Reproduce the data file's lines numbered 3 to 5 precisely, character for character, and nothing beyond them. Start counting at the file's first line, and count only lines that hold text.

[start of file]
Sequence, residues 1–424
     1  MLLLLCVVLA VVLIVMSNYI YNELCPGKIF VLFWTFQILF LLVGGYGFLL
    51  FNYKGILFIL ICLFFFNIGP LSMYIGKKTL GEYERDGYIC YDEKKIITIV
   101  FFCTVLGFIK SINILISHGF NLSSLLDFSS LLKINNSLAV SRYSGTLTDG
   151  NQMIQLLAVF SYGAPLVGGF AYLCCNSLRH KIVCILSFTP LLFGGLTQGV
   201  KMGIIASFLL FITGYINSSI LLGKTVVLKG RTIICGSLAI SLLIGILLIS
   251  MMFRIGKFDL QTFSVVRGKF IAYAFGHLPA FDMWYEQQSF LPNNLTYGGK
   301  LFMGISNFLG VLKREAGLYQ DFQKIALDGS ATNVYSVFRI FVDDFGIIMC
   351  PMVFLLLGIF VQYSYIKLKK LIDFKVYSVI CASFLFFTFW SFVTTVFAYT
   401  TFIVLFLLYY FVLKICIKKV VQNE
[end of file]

    51  FNYKGILFIL ICLFFFNIGP LSMYIGKKTL GEYERDGYIC YDEKKIITIV
   101  FFCTVLGFIK SINILISHGF NLSSLLDFSS LLKINNSLAV SRYSGTLTDG
   151  NQMIQLLAVF SYGAPLVGGF AYLCCNSLRH KIVCILSFTP LLFGGLTQGV